News Release

Release Date: December 11, 2017

NETL-Supported Marcellus Shale Energy and Environment Laboratory Improves Natural Gas Recovery Efficiency While Minimizing Environmental Implications


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The 104,000-square mile Marcellus natural gas trend—the largest source of natural gas in the United States—was once considered to have inconsequential natural gas potential until new technologies helped industry access an estimated 141 trillion cubic feet of recoverable gas. Because more research is required to more completely realize the rich potential of Marcellus Shale natural gas, NETL is helping discover safe and effective natural gas recovery innovations with its work on the Marcellus Shale Energy and Environment Laboratory (MSEEL).

The objective of the Marcellus Shale Energy and Environment Laboratory (MSEEL) is to provide a long-term collaborative field site to develop and validate new knowledge and technology to improve recovery efficiency and minimize environmental implications of unconventional resource development MSEEL represents the first ever comprehensive field study of shale gas resources that gives scientists the opportunity to study the entire process of drilling, hydraulic fracturing, and recovery of Marcellus Shale natural gas. The project is a partnership involving West Virginia University, Northeast Natural Energy and The Ohio State University. The U.S. Department of Energy (DOE) invested $10.5 million in the project which began in October 2014 and will run through September 2019. NETL is managing the DOE participation.

Prior to any drilling operations, baseline air monitoring and surface water sampling occurred at the well pad site near Morgantown, W.Va. Two production wells and a science observation well were drilled in June 2015. A total of 111 feet of four-inch whole-round core was taken.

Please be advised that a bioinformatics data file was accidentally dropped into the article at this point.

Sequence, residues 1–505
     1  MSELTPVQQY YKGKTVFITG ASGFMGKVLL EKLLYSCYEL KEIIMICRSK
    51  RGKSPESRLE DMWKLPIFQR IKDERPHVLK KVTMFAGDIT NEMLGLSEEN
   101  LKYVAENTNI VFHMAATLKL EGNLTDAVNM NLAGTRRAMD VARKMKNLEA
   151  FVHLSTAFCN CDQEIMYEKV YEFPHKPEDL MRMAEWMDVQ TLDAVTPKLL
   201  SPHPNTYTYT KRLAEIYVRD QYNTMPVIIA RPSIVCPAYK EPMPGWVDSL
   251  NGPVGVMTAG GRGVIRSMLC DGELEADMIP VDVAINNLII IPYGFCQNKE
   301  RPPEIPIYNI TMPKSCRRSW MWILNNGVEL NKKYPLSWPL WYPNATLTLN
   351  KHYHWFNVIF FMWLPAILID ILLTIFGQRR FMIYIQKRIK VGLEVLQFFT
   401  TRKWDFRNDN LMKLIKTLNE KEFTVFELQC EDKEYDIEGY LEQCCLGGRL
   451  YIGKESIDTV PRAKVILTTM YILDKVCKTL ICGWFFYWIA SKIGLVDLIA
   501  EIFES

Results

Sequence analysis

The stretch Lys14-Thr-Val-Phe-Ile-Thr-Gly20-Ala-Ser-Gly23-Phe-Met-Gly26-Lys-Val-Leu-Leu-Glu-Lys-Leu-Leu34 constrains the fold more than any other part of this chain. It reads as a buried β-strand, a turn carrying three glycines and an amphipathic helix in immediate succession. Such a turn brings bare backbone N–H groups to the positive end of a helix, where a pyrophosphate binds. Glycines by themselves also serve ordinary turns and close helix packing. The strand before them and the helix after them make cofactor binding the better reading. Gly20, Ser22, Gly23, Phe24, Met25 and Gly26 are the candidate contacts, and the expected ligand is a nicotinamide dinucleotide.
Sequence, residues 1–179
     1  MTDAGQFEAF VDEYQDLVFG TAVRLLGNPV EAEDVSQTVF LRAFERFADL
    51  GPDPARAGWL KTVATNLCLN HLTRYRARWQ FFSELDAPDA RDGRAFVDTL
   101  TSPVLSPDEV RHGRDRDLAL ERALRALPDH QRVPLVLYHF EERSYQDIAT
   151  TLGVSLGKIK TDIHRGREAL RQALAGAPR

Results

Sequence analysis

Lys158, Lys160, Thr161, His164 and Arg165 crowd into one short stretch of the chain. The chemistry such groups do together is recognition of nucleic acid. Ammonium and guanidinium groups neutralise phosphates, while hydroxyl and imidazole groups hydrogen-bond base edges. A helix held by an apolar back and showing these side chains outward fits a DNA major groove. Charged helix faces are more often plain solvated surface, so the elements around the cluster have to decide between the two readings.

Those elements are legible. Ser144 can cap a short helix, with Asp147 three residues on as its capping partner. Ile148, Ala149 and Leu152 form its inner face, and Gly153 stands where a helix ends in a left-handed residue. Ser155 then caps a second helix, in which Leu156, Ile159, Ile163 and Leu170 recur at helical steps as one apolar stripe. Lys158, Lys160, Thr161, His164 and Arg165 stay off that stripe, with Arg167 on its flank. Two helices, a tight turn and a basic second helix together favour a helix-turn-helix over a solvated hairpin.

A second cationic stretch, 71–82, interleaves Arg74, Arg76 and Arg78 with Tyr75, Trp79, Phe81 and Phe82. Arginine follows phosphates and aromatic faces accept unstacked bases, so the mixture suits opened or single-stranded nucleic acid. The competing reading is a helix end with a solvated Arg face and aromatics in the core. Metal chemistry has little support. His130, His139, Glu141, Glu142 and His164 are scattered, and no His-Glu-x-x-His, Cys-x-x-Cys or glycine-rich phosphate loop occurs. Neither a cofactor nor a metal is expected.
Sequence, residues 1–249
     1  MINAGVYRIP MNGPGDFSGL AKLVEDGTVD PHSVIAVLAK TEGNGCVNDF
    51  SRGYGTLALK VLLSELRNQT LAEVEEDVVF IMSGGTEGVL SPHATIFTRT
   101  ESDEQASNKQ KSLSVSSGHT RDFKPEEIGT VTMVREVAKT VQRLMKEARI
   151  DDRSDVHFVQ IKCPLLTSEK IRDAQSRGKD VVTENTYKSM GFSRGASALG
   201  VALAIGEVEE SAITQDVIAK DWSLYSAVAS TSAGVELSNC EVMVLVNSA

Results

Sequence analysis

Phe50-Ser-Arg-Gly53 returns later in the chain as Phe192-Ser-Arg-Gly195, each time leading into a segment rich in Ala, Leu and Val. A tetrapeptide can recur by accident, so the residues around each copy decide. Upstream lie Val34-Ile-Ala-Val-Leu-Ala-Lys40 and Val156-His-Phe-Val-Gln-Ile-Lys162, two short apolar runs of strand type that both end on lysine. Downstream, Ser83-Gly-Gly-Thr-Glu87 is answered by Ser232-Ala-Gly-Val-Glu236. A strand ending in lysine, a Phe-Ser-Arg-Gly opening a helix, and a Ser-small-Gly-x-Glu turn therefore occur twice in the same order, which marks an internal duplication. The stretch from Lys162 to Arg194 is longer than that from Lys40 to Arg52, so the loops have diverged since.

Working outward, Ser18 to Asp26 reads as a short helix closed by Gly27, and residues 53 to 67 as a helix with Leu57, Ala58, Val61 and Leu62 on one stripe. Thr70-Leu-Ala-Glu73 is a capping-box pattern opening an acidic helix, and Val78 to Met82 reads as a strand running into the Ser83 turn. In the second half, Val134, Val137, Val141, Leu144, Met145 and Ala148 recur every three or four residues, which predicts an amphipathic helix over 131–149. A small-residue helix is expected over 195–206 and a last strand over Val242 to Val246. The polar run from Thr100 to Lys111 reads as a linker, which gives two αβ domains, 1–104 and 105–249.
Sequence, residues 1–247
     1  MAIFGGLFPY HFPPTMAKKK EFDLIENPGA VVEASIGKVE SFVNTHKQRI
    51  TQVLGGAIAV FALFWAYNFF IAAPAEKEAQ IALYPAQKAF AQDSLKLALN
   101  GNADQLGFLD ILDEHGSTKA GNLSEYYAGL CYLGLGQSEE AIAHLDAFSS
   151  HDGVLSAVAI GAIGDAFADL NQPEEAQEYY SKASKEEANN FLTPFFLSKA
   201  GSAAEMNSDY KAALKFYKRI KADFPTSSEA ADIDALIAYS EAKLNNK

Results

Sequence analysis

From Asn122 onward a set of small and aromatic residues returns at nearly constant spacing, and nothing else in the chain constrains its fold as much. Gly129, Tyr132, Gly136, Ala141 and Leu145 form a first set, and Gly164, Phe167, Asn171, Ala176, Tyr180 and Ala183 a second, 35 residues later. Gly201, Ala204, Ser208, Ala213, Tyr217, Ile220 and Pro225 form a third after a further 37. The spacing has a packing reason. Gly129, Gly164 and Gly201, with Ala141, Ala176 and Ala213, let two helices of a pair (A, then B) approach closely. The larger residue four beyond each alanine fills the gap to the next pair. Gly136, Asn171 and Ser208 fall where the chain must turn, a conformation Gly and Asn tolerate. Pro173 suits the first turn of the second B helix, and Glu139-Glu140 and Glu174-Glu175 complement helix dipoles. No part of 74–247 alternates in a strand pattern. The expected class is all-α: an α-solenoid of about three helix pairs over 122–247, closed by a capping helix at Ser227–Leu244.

According to NETL Federal Project Manager, Robert Vagnetti, “to the best of DOE’s knowledge, this is the only existing core retrieved through the entire vertical span of the Marcellus Shale.”

In addition to the whole-round core, 197 sidewall cores were extracted from the wells. Core samples were subsequently delivered to NETL where they were logged, sampled for Total Organic Content and scanned using high-precision computerized tomography. These fresh samples were then distributed widely to academic and national laboratory scientists throughout the United States for new studies and analyses that were not previously possible.

Since bringing the two wells online, air, gas and produced water samples have been collected continuously for a variety of scientific investigations. In addition to building upon the foundations of scientific knowledge associated with Marcellus Shale natural gas production, the work of MSEEL is informing policymakers as they consider a range of issues surrounding safe access to natural gas. For example, findings from MSEEL analysis have shown that drill cutting radioactivity levels were within West Virginia Department of Environmental Protection standards and that through the use of green drilling fluid, all drill samples passed the U.S. Environmental Protection Agency’s methods for inorganic and organic contaminants. That means that under Federal and West Virginia solid waste rules, these solid wastes would not be considered hazardous and could be disposed of in landfills.

Vagnetti explained that the research-oriented national gas production site is providing a well-documented baseline of production and environmental characterization from its test wells. He said the project’s phased approach allows for additional multiple drilling events and has the flexibility to identify and incorporate new, cost-effective technology and science that is focused on increasing recovery efficiency and reducing environmental and societal impacts.

NETL, DOE’s national laboratory devoted to fossil energy research, has long been recognized as a world leader in the field. With its strategic location in Appalachia, NETL has decades of experience developing and fostering cutting-edge technology to promote efficient and environmentally friendly use of the region’s coal, oil, and gas resources.

 


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